Extra Costs To Buy a House

Last Updated on February 18, 2022 by Maggie Sutton

You’ve been saving up to buy a house. You have your down payment fund built up, and you’re pre-approved. But do you know just how much it will cost you to actually buy a house? There are a lot of fees, payments, and taxes you’ll need to have on hand – on top of your down payment. When you’re saving up to buy your dream home, keep in mind these miscellaneous costs to buy a house.

Some of these costs will apply to the house you buy, and some won’t. It all depends on what state you’re buying a house in, what type of loan you’re using, how much you’re paying for your down payment, and several other individual factors. However, this list is fairly typical for most buyers. Let’s start with the costs associated with your closing, or when the house officially becomes yours.

Closing Fees When Buying a House

Application Fee: In order to start your loan application, you’ll need to pay your lender to process your application.

Attorney Fee: In some states, an attorney is required to conduct real estate transactions. They will require a fee to assist with the transaction.

Closing Fee or Escrow Fee: Paid to the title company, escrow company or attorney for actually conducting the closing. This is different than the attorney and application fees.

Courier Fee: Cost of transporting documents to complete the loan transaction. Most mortgage offices use electronic document systems now, but there is a possibility for a physical signature.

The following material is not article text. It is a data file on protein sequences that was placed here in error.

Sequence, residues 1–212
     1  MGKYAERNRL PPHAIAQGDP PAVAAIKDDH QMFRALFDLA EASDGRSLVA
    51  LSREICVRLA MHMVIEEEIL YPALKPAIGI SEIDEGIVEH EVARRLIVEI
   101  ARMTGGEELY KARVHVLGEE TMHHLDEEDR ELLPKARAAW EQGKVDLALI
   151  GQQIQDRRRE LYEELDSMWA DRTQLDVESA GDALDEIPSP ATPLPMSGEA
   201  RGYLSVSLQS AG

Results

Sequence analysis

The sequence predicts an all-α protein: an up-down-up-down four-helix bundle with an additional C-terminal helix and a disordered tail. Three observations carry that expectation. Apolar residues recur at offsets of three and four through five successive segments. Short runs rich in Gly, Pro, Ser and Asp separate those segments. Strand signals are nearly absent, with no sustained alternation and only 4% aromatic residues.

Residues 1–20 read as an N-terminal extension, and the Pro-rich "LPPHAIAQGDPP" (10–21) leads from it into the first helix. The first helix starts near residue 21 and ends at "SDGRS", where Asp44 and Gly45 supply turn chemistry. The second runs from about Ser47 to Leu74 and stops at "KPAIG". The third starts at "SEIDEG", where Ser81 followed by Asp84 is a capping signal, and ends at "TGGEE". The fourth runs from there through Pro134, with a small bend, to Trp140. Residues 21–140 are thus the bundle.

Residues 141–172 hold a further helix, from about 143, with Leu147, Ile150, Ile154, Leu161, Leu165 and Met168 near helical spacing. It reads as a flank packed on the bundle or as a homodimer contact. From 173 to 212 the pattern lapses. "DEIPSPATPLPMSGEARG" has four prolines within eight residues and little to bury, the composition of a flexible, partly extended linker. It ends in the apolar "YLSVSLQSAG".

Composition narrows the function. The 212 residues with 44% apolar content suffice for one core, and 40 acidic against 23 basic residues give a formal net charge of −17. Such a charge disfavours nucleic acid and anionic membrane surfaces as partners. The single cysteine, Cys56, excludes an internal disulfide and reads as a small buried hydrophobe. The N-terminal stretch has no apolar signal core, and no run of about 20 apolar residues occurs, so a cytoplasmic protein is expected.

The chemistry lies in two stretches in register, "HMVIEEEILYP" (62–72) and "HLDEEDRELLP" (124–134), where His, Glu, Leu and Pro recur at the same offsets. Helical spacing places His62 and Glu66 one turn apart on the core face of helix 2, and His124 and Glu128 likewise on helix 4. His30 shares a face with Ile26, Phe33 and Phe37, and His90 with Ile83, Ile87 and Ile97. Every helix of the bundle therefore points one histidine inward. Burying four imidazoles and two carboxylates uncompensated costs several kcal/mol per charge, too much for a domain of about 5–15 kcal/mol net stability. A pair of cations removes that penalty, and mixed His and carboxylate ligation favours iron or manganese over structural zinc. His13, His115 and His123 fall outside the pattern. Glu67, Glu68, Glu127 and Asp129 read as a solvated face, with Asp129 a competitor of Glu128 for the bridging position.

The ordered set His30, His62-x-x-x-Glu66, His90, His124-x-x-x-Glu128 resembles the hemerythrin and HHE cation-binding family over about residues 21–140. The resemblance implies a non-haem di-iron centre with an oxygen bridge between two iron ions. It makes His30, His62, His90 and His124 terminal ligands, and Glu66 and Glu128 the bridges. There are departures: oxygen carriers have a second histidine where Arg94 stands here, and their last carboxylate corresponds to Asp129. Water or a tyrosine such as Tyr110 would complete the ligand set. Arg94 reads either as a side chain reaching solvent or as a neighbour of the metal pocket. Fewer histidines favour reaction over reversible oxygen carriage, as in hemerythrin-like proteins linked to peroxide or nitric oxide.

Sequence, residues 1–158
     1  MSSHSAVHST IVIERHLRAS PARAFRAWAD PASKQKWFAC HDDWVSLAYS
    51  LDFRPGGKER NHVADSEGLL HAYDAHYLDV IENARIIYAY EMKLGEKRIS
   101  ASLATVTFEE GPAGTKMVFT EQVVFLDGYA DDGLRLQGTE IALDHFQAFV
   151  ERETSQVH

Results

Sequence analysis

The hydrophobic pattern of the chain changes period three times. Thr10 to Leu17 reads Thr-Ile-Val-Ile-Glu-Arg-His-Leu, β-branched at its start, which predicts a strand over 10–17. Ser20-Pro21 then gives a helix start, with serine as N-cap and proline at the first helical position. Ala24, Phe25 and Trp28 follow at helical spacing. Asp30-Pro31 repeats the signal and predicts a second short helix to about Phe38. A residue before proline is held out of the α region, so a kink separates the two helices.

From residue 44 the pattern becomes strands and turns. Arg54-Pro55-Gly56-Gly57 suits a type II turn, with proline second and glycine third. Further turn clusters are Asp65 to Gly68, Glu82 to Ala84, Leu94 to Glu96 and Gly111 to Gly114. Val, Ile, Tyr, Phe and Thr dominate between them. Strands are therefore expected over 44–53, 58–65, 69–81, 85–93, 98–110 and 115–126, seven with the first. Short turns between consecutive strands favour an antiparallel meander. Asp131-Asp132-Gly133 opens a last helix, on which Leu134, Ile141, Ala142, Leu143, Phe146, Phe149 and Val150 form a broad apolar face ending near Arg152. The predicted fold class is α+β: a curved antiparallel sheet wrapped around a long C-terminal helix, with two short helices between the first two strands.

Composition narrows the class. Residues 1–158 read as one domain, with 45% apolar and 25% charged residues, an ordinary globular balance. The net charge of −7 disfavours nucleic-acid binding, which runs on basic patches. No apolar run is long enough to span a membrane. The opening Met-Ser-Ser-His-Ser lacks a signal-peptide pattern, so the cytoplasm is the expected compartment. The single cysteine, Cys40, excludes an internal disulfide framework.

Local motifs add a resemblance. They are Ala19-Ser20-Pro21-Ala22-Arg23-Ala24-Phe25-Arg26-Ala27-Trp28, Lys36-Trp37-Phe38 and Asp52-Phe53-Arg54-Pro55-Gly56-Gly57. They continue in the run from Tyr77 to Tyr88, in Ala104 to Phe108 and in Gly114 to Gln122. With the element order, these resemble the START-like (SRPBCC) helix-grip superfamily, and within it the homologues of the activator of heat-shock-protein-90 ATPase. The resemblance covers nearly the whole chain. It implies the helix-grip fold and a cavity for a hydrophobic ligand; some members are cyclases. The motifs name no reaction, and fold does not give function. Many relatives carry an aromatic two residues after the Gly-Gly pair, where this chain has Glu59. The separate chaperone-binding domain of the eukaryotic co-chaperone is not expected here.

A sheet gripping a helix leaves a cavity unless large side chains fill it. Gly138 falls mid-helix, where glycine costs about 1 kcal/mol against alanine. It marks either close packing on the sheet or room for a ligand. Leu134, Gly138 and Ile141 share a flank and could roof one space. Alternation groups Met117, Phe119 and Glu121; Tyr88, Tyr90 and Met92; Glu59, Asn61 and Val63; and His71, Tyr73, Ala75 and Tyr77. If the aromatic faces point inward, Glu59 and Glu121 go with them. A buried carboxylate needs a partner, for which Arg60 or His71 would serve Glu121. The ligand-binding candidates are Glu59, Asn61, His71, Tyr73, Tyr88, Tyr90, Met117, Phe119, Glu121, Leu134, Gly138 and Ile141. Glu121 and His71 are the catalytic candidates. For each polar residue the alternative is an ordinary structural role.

Credit Report Fee: Your loan originator will need to pull your credit score to determine your eligibility for a loan. This pays for the cost to pull the report.

Life of Loan FEMA Flood Determination Fee: Some houses are in low-lying or flood-prone areas, known as flood zones. Because they have a higher chance of damage due to floods, they can be harder to insure. It’s possible your house could go into default if a flood happens and you are unable to live in your home anymore. If this is common in your area, you might have to pay to determine if the house you’re buying is at risk.

Mortgage Rate Discount Points: There is a fee that you have to pay in order to borrow money in the form of a mortgage. That fee is called an interest rate. If you want to have a lower interest rate, you can “buy points” or “buy down the rate”. The cost of this depends on the interest rate, which changes daily, and how many points you want to purchase. This can be in the hundreds to thousands of dollars. It is not required to buy any mortgage rate points.

Origination Fee: This covers the lender’s administrative costs.

Recording Fee: This fee covers the administration cost to your local public lands records office.

Survey Fee: In some states, it is a requirement that you survey the property when you purchase it. Survey involves looking at the property’s boundaries and making sure all buildings, driveways, fences, and other parts of the property exist where the records of the land exist. This also helps you understand where your property lines are and what your property contains.